Oncology - Bladder, Renal, Test
Introduction & Objective : Despite a common goal of providing excellent healthcare to people across the country regardless of race, gender, payment method, and geographic location there are still significant disparities in both access to care and outcomes.
A retrospective cross sectional analysis was performed using data from the National Inpatient Sample (NIS) from January 2001 to December 2013. Radical nephrectomy cases were identified by ICD-9 codes 55.5 for complete nephrectomy and 55.54 for bilateral nephrectomy. Partial nephrectomies were identified by the code 55.4. The ICD-9 code 17.42 was used to identify robotic-assisted laparoscopic cases; 54.21 and 54.51 were used to identify laparoscopic cases. Demographic data as well outcomes including length of hospital stay, cost, and mortality were compiled. Multivariable analyses included generalized linear models for continuous outcome measures (length of stay and total costs) and logistic regression models for binary outcomes (mortality). All statistical analyses were performed using STATA, version 12.1.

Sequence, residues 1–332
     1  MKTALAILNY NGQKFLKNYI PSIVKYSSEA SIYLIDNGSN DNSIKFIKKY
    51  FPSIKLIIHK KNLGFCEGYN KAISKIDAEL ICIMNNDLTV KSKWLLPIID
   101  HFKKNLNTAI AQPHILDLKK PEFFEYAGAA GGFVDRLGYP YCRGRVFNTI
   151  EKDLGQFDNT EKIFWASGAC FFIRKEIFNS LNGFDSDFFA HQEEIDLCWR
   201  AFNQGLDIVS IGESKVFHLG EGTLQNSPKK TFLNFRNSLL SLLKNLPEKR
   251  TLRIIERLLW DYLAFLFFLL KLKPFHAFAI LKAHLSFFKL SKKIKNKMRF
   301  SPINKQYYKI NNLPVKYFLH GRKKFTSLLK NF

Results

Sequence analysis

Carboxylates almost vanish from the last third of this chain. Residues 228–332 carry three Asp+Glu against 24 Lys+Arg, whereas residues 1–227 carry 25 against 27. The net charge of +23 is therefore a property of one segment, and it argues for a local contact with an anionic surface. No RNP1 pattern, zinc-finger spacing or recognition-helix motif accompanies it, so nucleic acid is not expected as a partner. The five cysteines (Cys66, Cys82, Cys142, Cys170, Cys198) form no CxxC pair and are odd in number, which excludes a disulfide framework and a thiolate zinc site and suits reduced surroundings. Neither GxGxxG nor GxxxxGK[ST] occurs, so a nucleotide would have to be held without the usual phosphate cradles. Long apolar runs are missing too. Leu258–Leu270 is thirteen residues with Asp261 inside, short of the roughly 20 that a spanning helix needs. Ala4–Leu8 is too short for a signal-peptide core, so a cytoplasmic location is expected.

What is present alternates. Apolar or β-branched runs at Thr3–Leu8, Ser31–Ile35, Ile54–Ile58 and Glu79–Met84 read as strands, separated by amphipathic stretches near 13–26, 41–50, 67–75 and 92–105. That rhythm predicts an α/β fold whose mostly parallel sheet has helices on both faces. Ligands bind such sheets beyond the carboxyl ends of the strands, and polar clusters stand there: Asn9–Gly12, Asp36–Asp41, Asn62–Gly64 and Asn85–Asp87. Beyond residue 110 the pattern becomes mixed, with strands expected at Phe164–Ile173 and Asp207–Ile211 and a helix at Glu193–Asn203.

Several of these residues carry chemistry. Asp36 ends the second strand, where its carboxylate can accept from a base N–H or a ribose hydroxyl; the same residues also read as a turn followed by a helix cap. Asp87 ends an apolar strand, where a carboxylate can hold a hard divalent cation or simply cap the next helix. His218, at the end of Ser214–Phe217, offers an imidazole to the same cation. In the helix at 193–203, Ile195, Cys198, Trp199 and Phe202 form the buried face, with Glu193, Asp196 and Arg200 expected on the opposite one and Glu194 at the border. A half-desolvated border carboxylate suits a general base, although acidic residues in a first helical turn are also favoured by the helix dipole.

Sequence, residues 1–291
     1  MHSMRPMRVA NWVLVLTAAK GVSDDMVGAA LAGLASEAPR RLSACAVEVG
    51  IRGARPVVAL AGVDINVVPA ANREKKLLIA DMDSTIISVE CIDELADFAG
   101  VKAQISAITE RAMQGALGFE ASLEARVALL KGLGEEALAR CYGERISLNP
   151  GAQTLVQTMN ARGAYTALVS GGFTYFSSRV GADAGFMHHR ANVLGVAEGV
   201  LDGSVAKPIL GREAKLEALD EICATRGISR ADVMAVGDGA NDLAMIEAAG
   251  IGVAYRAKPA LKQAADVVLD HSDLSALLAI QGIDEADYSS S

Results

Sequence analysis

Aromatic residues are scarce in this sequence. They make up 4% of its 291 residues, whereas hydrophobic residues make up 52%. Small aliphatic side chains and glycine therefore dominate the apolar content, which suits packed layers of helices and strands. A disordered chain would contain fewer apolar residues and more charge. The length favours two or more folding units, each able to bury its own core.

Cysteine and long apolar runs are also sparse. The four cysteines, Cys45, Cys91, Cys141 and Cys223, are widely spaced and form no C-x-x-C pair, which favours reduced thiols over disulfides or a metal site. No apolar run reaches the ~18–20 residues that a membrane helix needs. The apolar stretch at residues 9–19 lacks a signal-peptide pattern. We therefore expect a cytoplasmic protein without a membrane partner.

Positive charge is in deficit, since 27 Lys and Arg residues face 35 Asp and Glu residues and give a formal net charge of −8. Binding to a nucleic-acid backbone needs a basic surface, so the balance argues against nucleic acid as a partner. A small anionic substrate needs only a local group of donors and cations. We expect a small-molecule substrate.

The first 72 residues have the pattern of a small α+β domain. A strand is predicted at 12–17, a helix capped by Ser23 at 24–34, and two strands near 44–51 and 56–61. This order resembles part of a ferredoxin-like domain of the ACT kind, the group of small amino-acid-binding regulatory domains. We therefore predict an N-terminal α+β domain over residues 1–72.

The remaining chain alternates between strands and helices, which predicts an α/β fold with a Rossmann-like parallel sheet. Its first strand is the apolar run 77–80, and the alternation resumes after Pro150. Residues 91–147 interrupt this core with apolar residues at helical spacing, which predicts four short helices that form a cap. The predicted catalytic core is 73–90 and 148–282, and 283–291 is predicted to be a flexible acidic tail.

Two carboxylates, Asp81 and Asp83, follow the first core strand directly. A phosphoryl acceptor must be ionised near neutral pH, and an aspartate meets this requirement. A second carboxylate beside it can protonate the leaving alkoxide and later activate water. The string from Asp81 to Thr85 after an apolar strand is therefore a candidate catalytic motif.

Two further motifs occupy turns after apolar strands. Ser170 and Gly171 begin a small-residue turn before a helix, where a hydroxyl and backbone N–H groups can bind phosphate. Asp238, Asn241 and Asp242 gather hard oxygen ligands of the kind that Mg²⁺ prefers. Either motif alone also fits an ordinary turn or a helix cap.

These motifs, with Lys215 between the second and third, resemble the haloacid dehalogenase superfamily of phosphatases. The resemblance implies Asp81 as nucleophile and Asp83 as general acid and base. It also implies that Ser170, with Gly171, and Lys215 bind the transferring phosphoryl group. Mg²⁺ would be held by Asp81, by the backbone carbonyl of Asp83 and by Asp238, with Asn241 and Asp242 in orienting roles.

White patients represent a larger proportion of those undergoing robotic procedures in both the nephrectomy and partial nephrectomy cohort as compared to the total number of cases (Radical: 69.5% robotic vs. 59.6% all cases p<0.001, Partial: 68.2% robotic vs. 63.6% all cases p<0.001). In both cohorts the mean age of those undergoing surgery are substantially lower in minority populations (See Tables 1 and 2). Additionally, in a logistic regression the odds ratio for mortality was 2.3 for self-pay patients as compared to commercial insurance in the radical nephrectomy cohort, and 1.9 in the partial nephrectomy cohort (p<0.001 and p=0.229 respectively).
Conclusions : Unfortunately, statistically and likely clinically significant differences exist in the access to care and the outcomes for patients of different races, and insurance types.